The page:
Energy giant Shell paid no tax on its oil and gas production last year even as the global energy crunch saw it profits soar to more than $19bn.
The London-headquartered firm bagged tax refunds relating to the decommissioning of old oil platforms in the North Sea, meaning it received $131.8m from the UK treasury in 2021, according to details of its payments to government released yesterday.
Changes to the tax rules were introduced in 2016 by then-chancellor George Osborne, who looked to slash the cost of decommissioning oil projects amid plunging prices.
The changes were aimed at increasing investment into the industry and incentivising firms to wind down their operations. Shell’s largest decommissioning project is the Brent oil and gasfield, consisting of four oil platforms.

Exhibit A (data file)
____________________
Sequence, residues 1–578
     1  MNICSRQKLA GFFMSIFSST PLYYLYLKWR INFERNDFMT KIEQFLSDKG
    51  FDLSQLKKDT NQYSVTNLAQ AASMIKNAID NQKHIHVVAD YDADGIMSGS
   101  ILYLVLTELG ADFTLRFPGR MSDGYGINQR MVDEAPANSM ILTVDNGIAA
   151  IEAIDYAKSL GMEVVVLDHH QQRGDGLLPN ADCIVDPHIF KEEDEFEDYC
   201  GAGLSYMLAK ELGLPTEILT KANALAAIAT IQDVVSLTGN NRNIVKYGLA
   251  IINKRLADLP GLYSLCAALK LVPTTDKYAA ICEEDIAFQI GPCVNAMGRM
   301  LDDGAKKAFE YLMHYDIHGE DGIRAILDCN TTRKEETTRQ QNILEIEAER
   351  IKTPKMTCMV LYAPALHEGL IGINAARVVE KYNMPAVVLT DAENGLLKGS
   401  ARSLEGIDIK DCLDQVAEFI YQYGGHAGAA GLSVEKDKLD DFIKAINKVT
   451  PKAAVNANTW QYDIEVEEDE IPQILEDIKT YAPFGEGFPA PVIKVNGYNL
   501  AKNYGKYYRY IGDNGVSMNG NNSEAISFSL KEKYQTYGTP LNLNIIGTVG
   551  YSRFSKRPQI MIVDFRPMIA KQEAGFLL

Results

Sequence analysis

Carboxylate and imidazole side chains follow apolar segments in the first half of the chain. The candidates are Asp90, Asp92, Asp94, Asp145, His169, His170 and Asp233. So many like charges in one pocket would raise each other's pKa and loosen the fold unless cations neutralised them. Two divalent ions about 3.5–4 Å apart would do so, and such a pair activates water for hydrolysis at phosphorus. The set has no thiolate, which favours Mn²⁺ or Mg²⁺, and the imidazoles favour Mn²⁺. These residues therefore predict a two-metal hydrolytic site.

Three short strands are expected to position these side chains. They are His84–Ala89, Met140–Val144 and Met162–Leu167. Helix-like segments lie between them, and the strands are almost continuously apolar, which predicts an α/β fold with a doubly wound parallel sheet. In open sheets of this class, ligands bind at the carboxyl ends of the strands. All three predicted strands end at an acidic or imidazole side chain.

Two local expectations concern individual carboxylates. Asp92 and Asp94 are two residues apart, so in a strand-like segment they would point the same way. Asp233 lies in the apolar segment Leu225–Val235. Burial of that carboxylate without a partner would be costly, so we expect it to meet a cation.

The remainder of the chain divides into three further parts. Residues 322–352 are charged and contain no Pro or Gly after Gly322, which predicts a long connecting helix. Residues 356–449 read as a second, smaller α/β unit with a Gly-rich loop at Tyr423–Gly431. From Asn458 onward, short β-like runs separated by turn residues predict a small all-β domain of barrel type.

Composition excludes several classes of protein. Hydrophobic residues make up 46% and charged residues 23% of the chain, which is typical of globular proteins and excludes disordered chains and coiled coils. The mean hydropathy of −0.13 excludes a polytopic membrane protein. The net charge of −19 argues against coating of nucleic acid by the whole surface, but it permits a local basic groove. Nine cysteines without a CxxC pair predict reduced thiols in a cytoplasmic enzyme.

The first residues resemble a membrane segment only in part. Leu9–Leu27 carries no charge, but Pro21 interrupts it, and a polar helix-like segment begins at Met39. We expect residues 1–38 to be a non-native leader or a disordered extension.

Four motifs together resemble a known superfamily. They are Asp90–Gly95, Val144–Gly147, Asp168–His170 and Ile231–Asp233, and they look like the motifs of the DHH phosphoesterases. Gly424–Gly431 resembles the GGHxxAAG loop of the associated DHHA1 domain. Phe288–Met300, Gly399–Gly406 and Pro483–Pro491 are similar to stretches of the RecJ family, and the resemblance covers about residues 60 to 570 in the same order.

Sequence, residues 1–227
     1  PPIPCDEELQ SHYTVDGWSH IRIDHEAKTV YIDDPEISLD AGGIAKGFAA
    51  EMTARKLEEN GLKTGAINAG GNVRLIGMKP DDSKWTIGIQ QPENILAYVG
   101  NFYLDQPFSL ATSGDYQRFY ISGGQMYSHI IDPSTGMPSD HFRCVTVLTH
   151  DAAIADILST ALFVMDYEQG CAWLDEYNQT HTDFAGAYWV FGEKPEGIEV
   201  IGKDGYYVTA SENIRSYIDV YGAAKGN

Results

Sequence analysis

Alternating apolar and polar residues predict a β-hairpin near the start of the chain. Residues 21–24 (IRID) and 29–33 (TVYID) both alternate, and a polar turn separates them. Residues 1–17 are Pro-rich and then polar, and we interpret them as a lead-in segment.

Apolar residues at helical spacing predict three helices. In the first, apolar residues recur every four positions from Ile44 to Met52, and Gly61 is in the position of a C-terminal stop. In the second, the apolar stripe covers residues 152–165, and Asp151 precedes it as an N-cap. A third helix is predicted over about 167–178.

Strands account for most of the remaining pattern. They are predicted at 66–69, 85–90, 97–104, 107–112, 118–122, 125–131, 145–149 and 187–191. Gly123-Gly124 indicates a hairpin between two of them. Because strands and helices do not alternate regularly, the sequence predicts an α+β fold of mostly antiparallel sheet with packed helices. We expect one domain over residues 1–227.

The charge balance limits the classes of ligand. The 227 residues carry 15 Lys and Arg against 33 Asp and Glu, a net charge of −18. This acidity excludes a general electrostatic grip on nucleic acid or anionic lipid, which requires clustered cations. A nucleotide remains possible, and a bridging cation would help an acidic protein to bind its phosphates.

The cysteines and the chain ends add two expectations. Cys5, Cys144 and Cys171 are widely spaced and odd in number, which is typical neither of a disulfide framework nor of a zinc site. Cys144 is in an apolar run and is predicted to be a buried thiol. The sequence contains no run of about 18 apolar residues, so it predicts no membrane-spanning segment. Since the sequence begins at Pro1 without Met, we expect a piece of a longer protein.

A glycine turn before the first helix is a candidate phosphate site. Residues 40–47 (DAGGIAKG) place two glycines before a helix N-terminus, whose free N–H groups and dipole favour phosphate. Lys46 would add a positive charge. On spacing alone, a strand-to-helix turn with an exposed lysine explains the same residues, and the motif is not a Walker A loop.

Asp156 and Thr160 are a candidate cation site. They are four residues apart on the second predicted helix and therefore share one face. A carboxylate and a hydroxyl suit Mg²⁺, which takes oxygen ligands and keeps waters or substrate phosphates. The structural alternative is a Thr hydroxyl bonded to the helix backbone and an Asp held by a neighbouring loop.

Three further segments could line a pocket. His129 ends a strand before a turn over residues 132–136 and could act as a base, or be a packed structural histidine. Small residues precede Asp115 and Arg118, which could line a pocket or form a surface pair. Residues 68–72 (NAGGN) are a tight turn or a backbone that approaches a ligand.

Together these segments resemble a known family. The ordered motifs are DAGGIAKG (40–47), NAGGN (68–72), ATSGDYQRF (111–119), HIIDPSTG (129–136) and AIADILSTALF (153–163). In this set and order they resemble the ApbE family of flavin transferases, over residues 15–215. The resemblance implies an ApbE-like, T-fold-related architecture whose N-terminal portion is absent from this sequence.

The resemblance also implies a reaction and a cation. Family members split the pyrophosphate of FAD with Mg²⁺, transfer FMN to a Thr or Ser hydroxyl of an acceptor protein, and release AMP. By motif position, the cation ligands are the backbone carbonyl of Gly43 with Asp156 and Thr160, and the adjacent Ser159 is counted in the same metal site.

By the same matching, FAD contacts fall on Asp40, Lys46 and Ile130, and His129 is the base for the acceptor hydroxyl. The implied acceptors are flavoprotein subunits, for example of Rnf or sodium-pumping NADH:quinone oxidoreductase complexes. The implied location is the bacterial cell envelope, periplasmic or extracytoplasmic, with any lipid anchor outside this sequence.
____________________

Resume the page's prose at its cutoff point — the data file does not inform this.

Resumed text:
The disclosure from Shell comes amid demand from campaigners and politicians for a windfall tax to be slapped on the energy majors, after soaring energy prices saw them rake in bumper profits last year.
Ed Miliband, Labour’s shadow secretary for climate change, said: “The fact that Shell is receiving millions from the taxpayer whilst enjoying near record profits of almost $20 billion last year makes it clearer than ever that they should be required by the government to pay their fair share.”
Shell says the government has received £20bn in tax revenues from its largest North Sea Brent oil and gasfield since it started producing in 1976, and that the total refunds it receives will be “significantly less than the tax payments made”.
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